Many years ago Mr DV and I purchased a bread maker - it was during the time when they were very popular. We could buy a bread mix for less than a loaf of bread and in 3.5 hours have great bread and a wonderfully bread-scented house. The machine came with a little recipe book and we later bought another bread machine recipe book. We trie many of the recipes in the books and if there was a bread machine recipe in the newspaper, we tried that too. The problem with the bread maker was that the bread that it made was too good - it wan’t unusual for us to eat the whole loaf as it was cooling down, only to make a second loaf and eat that too. After a while it seemed to make sense to just stick to store bought bread and have reasonable amounts of it in sandwiches.
We put the bread machine away in our basement and really never gave it another thought until recently when we were renovating our rec room and came across it in a storage cupboard. We made a few loaves, ate them immediately and put the darn thing away again! But the taste of fresh home-made bread is hard to get out of one’s head. Another teacher at my school told me about no-knead breads and i found some interesting and excellent recipes on the King Arthur Flour website. Of course I substituted Earth Balance marg for the butter and soy milk for dairy milk if any was called for.
No knead breads are delightful for all that they are made using yeast and therefore defy all normal bread-making standards - usually bread must be kneaded twice - once before the first rise, and between the first and second rises.
Later one of my bridge partners sent me a recipe for no-knead focaccia. I tried it, and it was great.
But here is how it flopped: for some unimaginable reason, I didn’t grease the pan in which i cooked the focaccia. It tasted great, but around the edges it was adhered so firmly to the sides of my baking dish that I had to cut it out and leave one half an inch of focaccia stuck to the pan all the way around. Then I had to soak the pan all day just to loosen the focaccia so I could scrape it off with a knife before I was able to wash the baking dish. And the baking dish was a new favourite: a vintage square glass pan in the blue heaven pattern. A mid-century classic. I just love that pan and was worried that I had permanently destroyed it.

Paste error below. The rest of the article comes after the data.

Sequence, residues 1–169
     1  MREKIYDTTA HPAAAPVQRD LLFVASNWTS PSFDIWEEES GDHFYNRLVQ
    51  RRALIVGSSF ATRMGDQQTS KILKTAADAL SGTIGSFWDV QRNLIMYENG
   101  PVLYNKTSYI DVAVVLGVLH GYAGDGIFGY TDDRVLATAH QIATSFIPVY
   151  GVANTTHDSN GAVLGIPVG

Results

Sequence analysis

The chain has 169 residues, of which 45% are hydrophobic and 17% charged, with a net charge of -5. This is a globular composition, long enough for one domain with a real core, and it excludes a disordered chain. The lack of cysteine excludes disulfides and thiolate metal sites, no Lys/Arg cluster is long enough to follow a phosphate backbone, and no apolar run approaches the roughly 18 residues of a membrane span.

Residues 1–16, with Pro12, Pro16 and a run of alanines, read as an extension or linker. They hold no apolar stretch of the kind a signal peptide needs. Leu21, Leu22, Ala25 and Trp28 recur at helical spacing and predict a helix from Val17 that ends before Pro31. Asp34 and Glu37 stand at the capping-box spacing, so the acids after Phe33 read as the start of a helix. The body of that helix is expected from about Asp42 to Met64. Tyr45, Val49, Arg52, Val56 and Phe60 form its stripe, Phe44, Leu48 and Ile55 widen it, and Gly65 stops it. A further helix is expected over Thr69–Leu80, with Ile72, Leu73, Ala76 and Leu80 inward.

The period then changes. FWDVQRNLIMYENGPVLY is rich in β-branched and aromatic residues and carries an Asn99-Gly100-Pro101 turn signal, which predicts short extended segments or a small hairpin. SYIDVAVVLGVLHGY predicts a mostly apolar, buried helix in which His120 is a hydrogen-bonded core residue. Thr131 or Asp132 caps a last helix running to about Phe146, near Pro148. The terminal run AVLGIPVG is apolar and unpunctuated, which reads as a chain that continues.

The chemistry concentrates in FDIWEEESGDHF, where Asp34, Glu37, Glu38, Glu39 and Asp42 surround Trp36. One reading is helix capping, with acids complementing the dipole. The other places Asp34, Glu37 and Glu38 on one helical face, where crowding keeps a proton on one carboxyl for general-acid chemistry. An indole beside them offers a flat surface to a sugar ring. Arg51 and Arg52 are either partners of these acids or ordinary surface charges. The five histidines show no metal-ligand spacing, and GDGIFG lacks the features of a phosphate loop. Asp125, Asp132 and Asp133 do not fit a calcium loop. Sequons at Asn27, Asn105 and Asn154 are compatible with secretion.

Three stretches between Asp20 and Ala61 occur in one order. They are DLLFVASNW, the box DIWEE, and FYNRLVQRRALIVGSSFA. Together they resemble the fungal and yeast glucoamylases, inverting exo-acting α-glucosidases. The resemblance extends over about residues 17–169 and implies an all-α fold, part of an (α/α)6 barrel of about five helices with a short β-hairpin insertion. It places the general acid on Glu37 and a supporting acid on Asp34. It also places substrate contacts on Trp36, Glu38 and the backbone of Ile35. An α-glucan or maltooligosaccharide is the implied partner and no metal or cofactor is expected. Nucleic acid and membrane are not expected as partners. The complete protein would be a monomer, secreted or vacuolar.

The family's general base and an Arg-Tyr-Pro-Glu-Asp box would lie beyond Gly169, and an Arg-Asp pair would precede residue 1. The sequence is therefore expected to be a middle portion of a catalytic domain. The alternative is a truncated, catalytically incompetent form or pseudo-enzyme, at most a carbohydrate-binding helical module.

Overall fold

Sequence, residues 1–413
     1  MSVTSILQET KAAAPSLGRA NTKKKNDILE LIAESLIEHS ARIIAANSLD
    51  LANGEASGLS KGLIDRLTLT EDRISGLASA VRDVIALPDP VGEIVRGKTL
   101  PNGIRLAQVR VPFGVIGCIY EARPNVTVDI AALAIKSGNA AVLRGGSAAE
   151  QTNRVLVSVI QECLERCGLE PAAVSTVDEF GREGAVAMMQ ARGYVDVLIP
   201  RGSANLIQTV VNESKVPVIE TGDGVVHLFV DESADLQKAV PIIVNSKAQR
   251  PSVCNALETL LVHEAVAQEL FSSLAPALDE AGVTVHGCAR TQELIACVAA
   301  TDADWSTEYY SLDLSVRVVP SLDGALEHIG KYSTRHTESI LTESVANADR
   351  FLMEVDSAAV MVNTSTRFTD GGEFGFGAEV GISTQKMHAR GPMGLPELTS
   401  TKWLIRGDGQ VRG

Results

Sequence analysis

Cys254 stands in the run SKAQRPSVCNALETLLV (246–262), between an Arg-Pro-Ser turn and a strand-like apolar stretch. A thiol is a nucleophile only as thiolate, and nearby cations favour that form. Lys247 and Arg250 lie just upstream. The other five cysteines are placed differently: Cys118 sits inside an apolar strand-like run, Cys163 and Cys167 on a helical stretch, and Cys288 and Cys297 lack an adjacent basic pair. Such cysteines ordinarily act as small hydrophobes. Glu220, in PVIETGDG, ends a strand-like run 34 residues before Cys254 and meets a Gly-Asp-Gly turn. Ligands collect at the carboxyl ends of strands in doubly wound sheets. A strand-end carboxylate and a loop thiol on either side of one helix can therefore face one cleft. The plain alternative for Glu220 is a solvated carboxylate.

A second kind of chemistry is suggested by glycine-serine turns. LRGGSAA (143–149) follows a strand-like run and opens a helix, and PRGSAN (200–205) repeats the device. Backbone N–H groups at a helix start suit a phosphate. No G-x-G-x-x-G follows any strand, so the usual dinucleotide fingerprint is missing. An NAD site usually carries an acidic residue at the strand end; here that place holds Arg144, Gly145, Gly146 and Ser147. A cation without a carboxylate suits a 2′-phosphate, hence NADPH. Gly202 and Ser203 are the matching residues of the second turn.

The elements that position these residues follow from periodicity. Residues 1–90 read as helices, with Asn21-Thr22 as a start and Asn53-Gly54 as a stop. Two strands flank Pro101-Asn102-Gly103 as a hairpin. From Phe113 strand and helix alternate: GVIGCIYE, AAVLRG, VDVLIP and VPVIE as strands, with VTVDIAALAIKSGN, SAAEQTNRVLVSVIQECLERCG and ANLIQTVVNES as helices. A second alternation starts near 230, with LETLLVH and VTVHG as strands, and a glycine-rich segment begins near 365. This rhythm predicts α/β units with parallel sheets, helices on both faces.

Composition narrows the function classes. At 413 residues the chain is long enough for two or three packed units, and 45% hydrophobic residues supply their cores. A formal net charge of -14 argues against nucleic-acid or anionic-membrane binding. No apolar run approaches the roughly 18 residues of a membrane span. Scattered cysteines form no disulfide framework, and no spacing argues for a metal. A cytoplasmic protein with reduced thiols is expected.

So here is the recipe. I’ve changed it to make it my own.
3 cups of all-purpose flour
1 1/2 teaspoons kosher salt
3/4 teaspoons of yeast
1 1/2 cups of water - it does not need to be warm but shouldn’t be ice cold either. Cool to room temperature is perfect.
Add the flour, salt and yeast into a large mixing bowl and give it a stir to make sure everything is nicely blended.
Pour all the water in at once and stir until all the dry ingredients are incorporated. It will look a bit shaggy but that’s ok.
Put a piece of plastic wrap over the bowl and set it aside for 12 to 18 hours. I set mine on the stove because I knew I would not be using the stove until tomorrow so putting it there keeps it out of harm’s way while I am doing other things in the kitchen. Don’t put it in the fridge and don’t put it somewhere warm. Don’t open the oven door and put it on the door with the oven on warm. Just set aside with the plastic wrap on it and leave it alone.
After 12 to 18 hours you will notice that the dough has risen substantially in the bowl all on its own.
Now preheat your oven to 450F
Prepare an 8 x 8 inch pan in your normal manner, with a cooking spray or shortening or vegan marg or whatever you like to use. If you love your baking dish, don’t skip this step!!!!!
Now pour 1/4 to 1/3 cup of olive oil in the pan. It does seem like a lot but focaccia uses a lot of oil in the cooking.
Remove the dough from the mixing bowl and place it in the pan on top of the olive oil. Stretch it out a bit so it is no longer in a ball but it isn’t necessary to work it into the corners of the pan.
Use your fingers to poke indents all over the dough. You will notice little bits of olive oil seeping up through these indents but this is exactly what you want.
Sprinkle the top of the dough with sea salt. Not too much but don’t be stingy either. Then follow that with chopped fresh or dried herbs of your choosing. Traditionally focaccia is made with chopped rosemary but I will be using chopped oregano tomorrow. I have a rosemary bush but I’m afraid to use it because I’ve seen flies on it and i just don’t think I could get it clean enough to use. It has become a purely decorative rosemary now. I really should grown some indoors where I can protect it, germaphobe that I am.
Cover your pan with foil wrap and bake it in the preheated oven for 20 minutes, then remove the foil wrap and bake it for an additional 20 minutes or until it is golden brown.
You can see that this focaccia came out of the baking dish quite cleanly. A flop, fixed!
You can serve it with vegan cheese or on its own. It is very nice cut in half horizontally and used to make a tomato, vegan mayo and basil sandwich.
It’s an easy bread to make, and your house will smell amazing. The only thing you have to remember if you want to make this bread for a function or for lunch, is that it has a long rising time and you need to account for that and plan your rise accordingly.